Design logos in grids limits creative freedom and the designers usually have a strong aversion to being fenced in. If grids are used as a starting point for a logo, it can simplify design for amateurs. All designers should get a freehand while drafting the initial concepts. However, we cannot completely gloss over the fact that a design can be perfected by placing the logo drafts over grids.
Now this is the time to test a logo by applying design rules – some of which can be rejected in the process. As a matter of fact, some timeless logos have been created by those who ignored some of the rules. However that fancy statement applies to professional designers. It is true that grid system is not mandatory for a logo design but adds an extra ounce of spice – the effects of which can only be felt but not quite understood by the non-design community.
Grids To Fix A Logo
When a logo is drawn free-hand, it can leave unpleasant edges or result in inconsistent letter thickness and other irregularities that are not always visible to the eye. Besides that some irregularities cannot be fixed with a free-hand drawing tool. This is where you need a grid to add clarity to and remove imperfections from an already designed logo.
Grids To Stretch A Logo
This technique is usually applied to work marks and shapes but is not well executed with pictorial marks. In case of letter marks, grids can be applied to stretch or compress an overall logo or selectively on some letters to add emphasis. Or perhaps create a signature style for a brand. Since every other logo cannot be a unique qualifier based on color and font type, emphasis to certain regions of a logo can make it memorable.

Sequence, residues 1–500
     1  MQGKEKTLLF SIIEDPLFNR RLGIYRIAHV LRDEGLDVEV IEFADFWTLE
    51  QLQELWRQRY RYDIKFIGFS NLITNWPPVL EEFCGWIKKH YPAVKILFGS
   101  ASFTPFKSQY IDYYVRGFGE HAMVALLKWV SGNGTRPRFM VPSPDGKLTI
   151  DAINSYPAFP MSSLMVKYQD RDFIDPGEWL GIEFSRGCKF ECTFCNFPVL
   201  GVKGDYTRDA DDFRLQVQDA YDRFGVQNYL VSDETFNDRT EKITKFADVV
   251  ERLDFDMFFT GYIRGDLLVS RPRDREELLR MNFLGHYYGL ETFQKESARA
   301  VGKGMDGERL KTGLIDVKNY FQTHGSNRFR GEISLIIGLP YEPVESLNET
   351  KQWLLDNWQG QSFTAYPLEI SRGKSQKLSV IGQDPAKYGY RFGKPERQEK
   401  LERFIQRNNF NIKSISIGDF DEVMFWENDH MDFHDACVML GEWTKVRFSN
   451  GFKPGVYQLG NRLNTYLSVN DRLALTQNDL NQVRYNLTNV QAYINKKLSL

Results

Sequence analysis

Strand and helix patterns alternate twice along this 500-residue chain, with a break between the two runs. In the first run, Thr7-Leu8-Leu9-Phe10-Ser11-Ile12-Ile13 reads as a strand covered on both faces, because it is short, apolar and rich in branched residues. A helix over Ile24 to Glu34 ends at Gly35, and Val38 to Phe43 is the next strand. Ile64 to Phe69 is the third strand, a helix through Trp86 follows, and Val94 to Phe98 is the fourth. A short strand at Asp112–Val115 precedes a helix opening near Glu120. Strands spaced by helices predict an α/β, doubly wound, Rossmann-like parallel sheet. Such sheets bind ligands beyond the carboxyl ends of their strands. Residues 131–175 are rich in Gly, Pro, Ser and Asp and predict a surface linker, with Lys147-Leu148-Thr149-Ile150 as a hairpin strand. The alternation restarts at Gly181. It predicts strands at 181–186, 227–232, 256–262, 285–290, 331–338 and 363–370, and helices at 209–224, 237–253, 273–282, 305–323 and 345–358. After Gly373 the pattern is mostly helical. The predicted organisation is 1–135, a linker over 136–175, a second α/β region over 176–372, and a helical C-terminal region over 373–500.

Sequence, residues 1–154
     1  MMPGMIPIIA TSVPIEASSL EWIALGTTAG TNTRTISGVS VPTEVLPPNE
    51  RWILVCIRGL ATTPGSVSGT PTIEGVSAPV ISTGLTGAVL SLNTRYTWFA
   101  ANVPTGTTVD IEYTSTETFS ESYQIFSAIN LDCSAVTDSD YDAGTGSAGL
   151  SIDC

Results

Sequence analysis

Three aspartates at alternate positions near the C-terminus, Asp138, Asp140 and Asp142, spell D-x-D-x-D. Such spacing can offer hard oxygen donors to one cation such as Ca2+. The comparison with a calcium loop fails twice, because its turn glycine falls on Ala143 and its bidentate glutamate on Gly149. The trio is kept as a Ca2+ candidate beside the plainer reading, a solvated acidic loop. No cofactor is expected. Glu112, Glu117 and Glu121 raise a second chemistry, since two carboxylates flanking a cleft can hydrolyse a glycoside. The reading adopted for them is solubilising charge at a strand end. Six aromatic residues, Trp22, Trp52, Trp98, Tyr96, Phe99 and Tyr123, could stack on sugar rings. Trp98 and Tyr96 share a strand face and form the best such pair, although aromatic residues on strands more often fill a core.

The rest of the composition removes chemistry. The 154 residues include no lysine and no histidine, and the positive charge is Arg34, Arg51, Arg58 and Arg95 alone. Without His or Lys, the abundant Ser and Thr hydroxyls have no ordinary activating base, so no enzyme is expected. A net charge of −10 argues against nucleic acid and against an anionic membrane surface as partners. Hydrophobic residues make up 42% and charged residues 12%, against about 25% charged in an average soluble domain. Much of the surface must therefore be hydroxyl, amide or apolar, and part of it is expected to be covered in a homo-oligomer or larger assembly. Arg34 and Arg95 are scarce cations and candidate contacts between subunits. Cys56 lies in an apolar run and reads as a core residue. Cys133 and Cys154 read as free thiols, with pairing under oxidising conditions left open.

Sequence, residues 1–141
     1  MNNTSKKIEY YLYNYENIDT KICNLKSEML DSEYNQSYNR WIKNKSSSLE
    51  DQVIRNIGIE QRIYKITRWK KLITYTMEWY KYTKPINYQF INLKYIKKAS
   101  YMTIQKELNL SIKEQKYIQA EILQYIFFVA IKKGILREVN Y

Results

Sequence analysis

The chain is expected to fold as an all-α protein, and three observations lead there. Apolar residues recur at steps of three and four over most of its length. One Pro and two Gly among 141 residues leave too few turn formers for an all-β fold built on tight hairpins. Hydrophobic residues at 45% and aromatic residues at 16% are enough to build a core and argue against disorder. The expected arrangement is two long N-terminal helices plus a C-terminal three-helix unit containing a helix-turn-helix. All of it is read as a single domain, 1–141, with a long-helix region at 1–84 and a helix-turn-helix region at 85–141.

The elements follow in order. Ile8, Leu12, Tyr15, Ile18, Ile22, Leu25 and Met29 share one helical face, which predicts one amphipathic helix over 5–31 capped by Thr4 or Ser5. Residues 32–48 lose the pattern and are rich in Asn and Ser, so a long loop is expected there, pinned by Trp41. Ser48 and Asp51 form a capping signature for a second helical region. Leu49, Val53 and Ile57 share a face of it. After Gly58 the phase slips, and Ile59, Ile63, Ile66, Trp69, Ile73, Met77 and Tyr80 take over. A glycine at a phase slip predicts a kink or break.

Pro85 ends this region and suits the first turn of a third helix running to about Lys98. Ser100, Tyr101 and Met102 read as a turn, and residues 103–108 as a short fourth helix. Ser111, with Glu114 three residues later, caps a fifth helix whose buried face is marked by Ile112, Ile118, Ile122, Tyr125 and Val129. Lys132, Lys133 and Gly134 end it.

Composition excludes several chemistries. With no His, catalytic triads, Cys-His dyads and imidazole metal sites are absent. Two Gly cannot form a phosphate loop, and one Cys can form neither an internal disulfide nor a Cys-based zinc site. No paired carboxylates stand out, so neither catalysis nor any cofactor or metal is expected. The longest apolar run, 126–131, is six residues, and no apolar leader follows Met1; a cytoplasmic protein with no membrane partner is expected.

Grids For Symmetry
Some logos have a clear (imaginary) line of symmetry that divides the logo along an axis (the grid). For example, the arch of the McDonalds logo – an icon of the brand’s recognition is bilaterally symmetrical. A similar symmetrical axis can be traced in the logo icon for Honda, adidas, Volkswagen and Starbucks. The previous logo for Pepsi had inverted symmetry.
The Golden Rule
Another form of symmetry applied to graphic design and logo design is via the golden ratio also known as the divine proportion. The golden rectangle is the simplest (and arguably the most useful) way to visualize the golden ratio and it has been applied to various logos such as Toyota and the infamous logo for Pepsi. However, it is wrongly associated with Apple’s logo.
It’s ok to break a few design rules every once in a while but every logo should be tested on a grid. Let’s see how some logos are perfected in grids.